Just when is deadwood deadwood? Oh, I don't mean the town in South Dakota, I mean deadwood by definition, as in something unwanted and unneeded, the discard pile in the gardening game. Sometimes debris is easy to identify, and sometimes it is created for the greater good of the plant. I talked about this idea in the literal sense on a gardening post. Today, J.R. Miller reflects on the spiritual side on this topic for us:
My Father is the gardener. (John 15:1)
"John Vincent, a Methodist Episcopal bishop...and a leader of the Sunday school movement in America, once told of being in a large greenhouse where clusters of luscious grapes were hanging on each side. The owner of he greenhouse told him, 'When the new gardener came here, he said he would not work with the vines unless he could cut them completely down to the stalk. I allowed him to do so, and we had no grapes for two years, but this is now the result.'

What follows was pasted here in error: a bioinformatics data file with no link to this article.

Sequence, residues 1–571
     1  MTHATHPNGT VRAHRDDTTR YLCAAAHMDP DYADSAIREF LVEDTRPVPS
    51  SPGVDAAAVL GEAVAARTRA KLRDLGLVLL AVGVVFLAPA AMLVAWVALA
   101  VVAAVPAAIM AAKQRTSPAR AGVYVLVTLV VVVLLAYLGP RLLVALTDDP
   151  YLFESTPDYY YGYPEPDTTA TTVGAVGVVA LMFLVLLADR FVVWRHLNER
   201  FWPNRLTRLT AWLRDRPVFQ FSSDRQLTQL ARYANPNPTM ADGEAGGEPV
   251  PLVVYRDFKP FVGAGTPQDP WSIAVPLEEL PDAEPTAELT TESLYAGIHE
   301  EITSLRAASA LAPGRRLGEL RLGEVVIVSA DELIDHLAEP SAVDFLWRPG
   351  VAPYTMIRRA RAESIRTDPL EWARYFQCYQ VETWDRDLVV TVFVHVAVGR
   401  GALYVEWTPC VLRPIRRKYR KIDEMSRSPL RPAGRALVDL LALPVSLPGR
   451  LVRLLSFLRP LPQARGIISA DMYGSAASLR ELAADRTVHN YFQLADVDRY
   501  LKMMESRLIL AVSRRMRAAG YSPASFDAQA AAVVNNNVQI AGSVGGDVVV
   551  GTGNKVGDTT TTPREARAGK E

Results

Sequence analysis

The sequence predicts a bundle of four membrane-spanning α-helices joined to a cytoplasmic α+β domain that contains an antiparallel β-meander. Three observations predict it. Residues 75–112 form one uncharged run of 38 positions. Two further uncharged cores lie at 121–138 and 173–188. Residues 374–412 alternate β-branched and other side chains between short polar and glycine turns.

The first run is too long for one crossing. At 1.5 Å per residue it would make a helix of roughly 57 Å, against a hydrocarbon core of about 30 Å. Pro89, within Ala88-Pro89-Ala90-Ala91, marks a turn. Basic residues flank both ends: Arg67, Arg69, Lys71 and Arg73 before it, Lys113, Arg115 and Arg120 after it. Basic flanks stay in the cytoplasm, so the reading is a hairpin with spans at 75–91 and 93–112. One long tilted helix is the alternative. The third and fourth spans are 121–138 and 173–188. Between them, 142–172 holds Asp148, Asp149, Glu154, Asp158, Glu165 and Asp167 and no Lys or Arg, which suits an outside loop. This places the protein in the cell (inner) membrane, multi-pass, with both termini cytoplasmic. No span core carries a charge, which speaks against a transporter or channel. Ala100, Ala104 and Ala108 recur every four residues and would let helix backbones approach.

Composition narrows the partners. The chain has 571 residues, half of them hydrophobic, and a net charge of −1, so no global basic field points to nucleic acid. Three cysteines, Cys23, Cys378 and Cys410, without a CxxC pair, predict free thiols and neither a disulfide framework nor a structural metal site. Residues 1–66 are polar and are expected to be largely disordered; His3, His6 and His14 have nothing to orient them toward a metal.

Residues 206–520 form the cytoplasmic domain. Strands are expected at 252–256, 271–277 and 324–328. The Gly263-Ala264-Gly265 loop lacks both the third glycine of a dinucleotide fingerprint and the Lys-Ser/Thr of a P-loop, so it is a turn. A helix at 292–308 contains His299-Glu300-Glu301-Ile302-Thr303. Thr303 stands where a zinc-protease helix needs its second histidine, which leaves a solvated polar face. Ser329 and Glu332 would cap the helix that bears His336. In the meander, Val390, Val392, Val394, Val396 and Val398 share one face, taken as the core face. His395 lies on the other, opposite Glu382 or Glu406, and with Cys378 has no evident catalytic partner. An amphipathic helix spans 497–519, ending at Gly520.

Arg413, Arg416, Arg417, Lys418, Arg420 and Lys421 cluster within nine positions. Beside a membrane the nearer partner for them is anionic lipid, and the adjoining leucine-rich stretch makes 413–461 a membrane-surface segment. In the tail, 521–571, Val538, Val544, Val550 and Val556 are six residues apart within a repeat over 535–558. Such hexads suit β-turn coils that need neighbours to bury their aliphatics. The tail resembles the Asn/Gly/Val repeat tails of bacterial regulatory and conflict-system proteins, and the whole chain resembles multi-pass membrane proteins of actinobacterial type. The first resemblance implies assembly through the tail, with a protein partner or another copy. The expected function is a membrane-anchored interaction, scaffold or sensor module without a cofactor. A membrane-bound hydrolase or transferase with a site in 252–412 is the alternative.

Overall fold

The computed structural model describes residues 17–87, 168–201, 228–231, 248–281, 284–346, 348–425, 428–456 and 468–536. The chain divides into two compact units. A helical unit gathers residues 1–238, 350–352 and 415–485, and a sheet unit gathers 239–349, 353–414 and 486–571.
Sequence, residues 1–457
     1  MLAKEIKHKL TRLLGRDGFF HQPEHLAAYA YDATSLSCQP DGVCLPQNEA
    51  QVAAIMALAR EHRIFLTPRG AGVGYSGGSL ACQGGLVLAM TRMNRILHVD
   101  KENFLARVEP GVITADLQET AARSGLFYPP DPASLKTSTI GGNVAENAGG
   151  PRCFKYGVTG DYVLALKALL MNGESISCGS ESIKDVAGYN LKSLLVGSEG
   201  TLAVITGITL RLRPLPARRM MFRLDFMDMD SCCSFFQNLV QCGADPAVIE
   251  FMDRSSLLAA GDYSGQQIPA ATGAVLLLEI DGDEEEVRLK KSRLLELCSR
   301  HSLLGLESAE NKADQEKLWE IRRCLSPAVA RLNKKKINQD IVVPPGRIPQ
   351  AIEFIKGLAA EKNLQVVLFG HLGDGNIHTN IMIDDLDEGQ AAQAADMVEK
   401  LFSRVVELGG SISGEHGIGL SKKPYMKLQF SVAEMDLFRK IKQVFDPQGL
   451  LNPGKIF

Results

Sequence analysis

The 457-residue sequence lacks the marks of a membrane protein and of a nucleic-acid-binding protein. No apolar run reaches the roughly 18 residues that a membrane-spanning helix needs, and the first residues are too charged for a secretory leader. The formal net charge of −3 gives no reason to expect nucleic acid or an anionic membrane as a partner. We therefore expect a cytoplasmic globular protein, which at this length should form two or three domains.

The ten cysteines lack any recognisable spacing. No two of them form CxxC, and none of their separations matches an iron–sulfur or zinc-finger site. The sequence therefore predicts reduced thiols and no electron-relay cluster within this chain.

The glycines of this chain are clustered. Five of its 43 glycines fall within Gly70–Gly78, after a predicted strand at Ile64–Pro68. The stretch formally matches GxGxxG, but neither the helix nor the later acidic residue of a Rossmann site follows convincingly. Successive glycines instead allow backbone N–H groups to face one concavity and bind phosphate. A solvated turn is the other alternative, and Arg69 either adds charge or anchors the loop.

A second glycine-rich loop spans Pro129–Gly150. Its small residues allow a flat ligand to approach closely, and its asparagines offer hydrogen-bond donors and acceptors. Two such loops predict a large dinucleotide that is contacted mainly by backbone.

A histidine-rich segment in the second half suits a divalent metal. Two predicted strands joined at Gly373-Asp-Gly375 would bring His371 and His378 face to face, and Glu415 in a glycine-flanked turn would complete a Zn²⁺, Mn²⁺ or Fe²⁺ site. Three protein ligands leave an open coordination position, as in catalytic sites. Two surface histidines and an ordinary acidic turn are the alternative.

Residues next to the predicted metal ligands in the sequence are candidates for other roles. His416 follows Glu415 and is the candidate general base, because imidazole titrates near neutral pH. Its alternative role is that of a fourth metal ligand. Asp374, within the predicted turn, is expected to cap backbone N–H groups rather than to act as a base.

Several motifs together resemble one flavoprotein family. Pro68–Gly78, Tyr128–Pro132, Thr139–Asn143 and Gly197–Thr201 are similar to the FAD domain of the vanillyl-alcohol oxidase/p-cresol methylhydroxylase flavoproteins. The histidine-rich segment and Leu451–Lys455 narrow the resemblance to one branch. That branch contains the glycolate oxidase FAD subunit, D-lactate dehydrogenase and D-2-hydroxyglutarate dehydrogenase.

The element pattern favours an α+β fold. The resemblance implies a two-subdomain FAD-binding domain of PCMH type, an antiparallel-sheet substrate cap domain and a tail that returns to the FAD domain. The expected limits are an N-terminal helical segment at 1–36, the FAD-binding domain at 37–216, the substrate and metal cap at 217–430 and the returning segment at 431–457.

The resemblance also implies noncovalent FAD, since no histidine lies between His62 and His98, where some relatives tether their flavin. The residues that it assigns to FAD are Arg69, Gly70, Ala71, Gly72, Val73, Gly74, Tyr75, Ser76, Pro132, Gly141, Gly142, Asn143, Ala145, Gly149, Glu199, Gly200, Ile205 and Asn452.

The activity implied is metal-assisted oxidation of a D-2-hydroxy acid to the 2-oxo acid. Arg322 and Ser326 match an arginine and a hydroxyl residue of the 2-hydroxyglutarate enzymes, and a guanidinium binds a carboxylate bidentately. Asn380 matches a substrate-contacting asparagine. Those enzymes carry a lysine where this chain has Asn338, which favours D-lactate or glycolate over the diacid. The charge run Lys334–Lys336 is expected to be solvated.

"There is rich symbolism in this account of the pruning process when applied to the Christian life. Pruning seems to be destroying the vine, and the gardener appears to be cutting everything away. Yet he sees the future and knows that the final result will be the enrichment of the life of the cine, and a greater abundance of fruit. There are many blessings we will never receive until we are ready to pay the price..."